Ocean carriers are returning laid-up container ships to service at a faster pace to keep up with growing cargo volume, according to a new report by the Alphaliner consultancy.
Carriers will have 40 additional vessels of over 3,500 20-foot equivalent units capacity by the end of April, Alphaliner said, including 15 drawn from the pool of ships that have been idled since the beginning of the global downturn. The remainder will consist of shipyard deliveries and vessels being freed up by their current charterers.
Demand is increasing with the introduction of new services, capacity upgrades on a few "loops" and additional extra slow steaming, according to Alphaliner, the Paris-based consultancy.
"Carriers are gearing up for the summer shipping season with optimism nurtured by a revived demand in most main trade lanes," according to Alphaliner.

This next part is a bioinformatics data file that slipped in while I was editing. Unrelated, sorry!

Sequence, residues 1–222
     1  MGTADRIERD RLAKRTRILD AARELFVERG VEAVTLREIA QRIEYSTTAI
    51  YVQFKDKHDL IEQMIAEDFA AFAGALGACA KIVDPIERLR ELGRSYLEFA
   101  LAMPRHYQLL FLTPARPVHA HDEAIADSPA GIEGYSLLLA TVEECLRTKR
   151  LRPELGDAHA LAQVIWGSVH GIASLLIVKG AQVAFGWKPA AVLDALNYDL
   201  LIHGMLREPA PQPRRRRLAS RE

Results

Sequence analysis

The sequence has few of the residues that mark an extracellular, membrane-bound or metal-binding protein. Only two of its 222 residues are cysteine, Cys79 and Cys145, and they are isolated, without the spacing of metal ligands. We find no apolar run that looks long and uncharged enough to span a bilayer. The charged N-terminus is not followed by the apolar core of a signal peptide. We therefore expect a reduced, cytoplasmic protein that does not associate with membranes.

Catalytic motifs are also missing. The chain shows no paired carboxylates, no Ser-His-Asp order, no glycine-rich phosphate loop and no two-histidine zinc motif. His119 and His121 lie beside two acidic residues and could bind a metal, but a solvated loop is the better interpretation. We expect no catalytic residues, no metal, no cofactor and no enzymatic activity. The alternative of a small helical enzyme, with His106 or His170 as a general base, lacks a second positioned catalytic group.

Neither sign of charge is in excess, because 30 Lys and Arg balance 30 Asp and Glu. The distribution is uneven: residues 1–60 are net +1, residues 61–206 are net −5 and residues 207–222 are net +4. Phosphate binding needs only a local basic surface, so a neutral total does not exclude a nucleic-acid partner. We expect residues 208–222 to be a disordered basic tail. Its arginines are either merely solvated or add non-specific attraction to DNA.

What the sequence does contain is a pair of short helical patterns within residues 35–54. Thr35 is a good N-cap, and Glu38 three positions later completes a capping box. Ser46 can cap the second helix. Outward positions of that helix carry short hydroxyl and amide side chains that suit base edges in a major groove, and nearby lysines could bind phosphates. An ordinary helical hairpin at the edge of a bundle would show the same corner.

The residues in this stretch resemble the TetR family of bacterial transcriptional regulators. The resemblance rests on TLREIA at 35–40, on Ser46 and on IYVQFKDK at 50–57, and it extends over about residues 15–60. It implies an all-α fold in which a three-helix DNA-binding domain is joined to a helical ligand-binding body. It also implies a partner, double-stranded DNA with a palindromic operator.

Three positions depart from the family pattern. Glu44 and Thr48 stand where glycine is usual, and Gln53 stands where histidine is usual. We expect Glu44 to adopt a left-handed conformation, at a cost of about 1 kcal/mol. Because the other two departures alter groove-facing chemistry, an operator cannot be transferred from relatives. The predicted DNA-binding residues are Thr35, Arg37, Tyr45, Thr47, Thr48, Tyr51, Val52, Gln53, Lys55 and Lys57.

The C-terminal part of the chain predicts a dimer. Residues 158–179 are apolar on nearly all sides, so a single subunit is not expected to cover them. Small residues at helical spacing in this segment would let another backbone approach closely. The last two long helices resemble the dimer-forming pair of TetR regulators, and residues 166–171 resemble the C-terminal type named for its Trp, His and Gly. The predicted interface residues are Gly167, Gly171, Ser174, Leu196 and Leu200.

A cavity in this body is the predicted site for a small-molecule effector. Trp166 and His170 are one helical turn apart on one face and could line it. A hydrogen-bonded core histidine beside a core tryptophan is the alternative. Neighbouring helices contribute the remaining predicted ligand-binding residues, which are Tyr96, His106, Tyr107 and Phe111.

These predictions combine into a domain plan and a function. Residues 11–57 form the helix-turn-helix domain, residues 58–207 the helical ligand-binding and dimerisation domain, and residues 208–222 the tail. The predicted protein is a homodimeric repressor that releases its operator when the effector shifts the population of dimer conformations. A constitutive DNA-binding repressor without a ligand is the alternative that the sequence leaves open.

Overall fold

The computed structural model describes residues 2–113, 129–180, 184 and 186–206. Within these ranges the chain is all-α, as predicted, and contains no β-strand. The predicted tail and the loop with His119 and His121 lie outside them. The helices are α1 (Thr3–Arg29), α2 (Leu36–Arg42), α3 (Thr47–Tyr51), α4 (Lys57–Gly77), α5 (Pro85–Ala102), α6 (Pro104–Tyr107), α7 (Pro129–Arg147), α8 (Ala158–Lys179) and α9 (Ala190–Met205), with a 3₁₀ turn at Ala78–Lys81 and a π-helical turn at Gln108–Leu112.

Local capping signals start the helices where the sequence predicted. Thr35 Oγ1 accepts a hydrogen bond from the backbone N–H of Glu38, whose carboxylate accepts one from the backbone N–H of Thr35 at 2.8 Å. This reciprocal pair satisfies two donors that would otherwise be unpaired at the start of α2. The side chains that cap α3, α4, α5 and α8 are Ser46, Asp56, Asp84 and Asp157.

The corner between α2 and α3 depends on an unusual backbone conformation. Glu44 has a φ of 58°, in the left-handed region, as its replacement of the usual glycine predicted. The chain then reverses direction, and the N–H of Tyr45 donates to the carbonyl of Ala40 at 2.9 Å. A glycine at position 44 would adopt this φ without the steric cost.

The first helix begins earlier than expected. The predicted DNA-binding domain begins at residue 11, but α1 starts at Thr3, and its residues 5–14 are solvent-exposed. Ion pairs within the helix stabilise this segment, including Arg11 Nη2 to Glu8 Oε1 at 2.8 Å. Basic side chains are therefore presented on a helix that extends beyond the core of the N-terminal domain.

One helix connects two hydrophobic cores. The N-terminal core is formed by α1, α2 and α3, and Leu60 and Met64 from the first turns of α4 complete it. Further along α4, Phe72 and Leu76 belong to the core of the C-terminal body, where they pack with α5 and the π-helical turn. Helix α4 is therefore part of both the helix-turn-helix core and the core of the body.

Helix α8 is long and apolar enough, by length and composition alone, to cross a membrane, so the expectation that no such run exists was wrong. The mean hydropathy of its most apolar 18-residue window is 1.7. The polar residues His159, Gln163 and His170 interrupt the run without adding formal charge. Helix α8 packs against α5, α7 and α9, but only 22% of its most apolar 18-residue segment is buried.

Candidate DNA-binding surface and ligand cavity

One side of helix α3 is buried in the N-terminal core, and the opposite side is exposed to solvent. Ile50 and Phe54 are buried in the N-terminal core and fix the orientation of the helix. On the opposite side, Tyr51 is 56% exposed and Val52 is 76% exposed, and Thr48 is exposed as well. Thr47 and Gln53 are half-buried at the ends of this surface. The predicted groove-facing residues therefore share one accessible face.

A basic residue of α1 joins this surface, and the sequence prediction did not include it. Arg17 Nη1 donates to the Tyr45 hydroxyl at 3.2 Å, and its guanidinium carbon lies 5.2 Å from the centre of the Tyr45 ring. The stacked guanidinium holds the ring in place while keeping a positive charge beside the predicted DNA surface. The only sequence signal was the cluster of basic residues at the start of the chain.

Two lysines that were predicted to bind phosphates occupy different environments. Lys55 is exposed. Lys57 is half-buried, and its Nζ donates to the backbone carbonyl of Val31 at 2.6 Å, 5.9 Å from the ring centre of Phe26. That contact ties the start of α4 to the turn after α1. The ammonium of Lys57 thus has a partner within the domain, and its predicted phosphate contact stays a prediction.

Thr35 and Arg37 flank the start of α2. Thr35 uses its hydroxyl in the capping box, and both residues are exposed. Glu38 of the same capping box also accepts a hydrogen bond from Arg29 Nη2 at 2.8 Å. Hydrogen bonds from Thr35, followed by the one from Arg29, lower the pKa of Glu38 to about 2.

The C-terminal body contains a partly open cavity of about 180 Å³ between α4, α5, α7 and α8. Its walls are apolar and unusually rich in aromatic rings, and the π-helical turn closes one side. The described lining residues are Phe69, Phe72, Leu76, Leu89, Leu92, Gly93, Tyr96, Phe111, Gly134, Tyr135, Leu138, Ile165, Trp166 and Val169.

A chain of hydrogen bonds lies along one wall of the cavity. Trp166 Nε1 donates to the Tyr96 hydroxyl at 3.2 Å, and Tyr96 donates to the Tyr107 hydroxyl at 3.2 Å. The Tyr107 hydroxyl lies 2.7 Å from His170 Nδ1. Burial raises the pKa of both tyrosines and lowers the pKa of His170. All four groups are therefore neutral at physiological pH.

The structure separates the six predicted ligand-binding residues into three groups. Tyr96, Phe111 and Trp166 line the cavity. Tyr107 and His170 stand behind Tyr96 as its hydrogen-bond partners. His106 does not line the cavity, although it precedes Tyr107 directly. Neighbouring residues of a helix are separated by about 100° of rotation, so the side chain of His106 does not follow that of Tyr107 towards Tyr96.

Charter ships of 4,000-5,000 TEUs are becoming harder to find after a wave of chartering in the past few weeks.
Several carrier-controlled vessels of 4,000-7,000 TEUs are laid up but some could be re-activated at short notice if cargo demand warrants their return to service.
The carrier-operated idled fleet has dropped from just over one million TEUs to 630,000 TEUs over the past twelve months, and the figure could fall below 350,000 TEUs in the coming two months as lines re-active unemployed vessels.
Carriers have shrunk their idled fleet by returning surplus tonnage when charters expire, and selling or scrapping older ships.
The total idle fleet, including charter vessels, stood at 1.24 million TEUs on March 1, the lowest level since July 2009, Alphaliner said.
The unemployed fleet could fall below one million TEUs within the next two months as new services and additional demand created by extra slow steaming continue to absorb surplus tonnage and some older 2,500-4,000 TEUs vessels are scrapped.
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